“There will be some type of partnership announced regarding Max’s Big Ride, Jesse’s Journey and the University of Toronto Mississauga,” says Sedmihradsky. This partnership arose out of a speech that principal Ulrich Krull gave, where he asked staff members to share their stories. Sedmihradsky then wrote to Krull, and states that “it turned out far better than I ever imagined. […] It’s phenomenal. It’s weird how all the pieces have fallen into place.”
The details of the partnership are likely to be announced next week.
Last year, Sedmihradsky did not train as extensively for Max’s Big Ride, because he believed it wasn’t tough. This was also around the time his second child, Isla, was born.
“This year, I go the gym every day. Last year, we tried to do it in seven days, but this year, [….] we made some more allowances. [For example, last year], one day was a 100 km, which is a lot on a cargo bike. The bike weighs a lot and it’s too long for Max to be out there. [So now], each day averages about 60-70 km, which isn’t too bad when you’ve got the whole day to do it.”
The last event for the summer, Max’s Big Climb, will take place on Saturday, July 15. This event is once again occurring at 143 m-high Sydenham Hill, which is known as being the training ground for Clara Hughes, the six-time Canadian Olympic medalist in cycling and speed skating.
“This year, we’ve got more time on the hill. Last year, we had to stop at 10. Instead, this year we’ve got one lane closed until 12 p.m. So we’re going to take the fastest eight men and eight women—they’ll race in head-to-head knockouts,” says Sedmihradsky. He added that this style was inspired by the ongoing March Madness events. The winners of each category would be crowned the “King” and “Queen of the Mountain.”
Following a bit of research, Sedmihradsky has also planned for a “horse-kill relay race” to be held.
“I found out that Sydenham Hill on Dundas used to be called horse-kill road, because it would be too tough for working horses to pull wagons up the hill, and they died. So I thought that—and hopefully the animal lovers don’t misinterpret what we’re doing—it’s going to be a relay, with teams of four cyclists going up as many times as they can in an hour. Whoever goes up the most [will win] a trophy. In the event of a tie, the team that’s raised the most money in pledges will win.”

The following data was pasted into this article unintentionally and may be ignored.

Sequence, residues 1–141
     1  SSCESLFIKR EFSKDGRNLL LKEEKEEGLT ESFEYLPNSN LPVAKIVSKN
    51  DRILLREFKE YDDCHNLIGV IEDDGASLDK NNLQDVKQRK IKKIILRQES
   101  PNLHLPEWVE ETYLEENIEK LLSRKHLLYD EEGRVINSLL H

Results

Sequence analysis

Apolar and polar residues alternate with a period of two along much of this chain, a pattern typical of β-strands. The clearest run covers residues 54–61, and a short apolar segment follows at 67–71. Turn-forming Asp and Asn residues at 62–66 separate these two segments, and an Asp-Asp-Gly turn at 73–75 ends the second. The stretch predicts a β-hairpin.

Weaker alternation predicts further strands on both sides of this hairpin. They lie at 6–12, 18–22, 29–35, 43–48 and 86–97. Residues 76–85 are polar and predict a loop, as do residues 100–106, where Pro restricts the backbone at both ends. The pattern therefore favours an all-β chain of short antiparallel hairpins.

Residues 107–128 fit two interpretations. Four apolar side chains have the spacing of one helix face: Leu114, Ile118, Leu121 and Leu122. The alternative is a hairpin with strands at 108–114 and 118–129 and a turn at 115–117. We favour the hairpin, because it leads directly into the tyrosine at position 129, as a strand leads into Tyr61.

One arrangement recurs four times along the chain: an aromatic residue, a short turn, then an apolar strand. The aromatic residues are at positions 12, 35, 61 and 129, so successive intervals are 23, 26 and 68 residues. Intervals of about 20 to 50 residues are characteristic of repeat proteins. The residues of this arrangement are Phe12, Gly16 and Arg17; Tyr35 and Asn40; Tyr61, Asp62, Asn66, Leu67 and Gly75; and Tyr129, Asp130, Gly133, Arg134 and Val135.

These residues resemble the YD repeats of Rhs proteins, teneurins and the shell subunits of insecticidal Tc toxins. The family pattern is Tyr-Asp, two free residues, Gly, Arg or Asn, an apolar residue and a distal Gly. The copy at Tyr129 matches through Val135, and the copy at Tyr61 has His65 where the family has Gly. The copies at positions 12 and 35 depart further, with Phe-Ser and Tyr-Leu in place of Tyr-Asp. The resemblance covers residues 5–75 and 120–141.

There will also be a Hill Challenge, which is a chance for members of the public to simply reach the top of the hill on a bicycle of their choice, and will receive ice cream, food, and a participation ribbon. “That’s to encourage people who maybe aren’t into racing, or don’t want the pressure of the clock, but still want the accomplishment of climbing the hill,” says Sedmihradsky.
As for Max, he is once again excited to be embarking on Max’s Big Ride, and has been asking his parents several questions. Sedmihradsky jokes that he should brush up on his storytelling skills, as Max always tends to request a story (generally about Teenage Mutant Ninja Turtles) when the bike is heading up a hill.
“Up until this point, Max never really asked about his muscles or his medication. He’s had some conversations—they tend to happen in the mornings, when I’m at work, and Kerri, my wife, is getting him ready to go off to school. So he’s more aware of the situation now, and obviously, we don’t tell him that it’s a fatal disease. But he knows that his muscles are weak, and that he needs to take his medication,” says Sedmihradsky.
“Obviously, that’s a conversation you never want to have with your kids, but […] I want him to know that he can come to us for information about his disease.”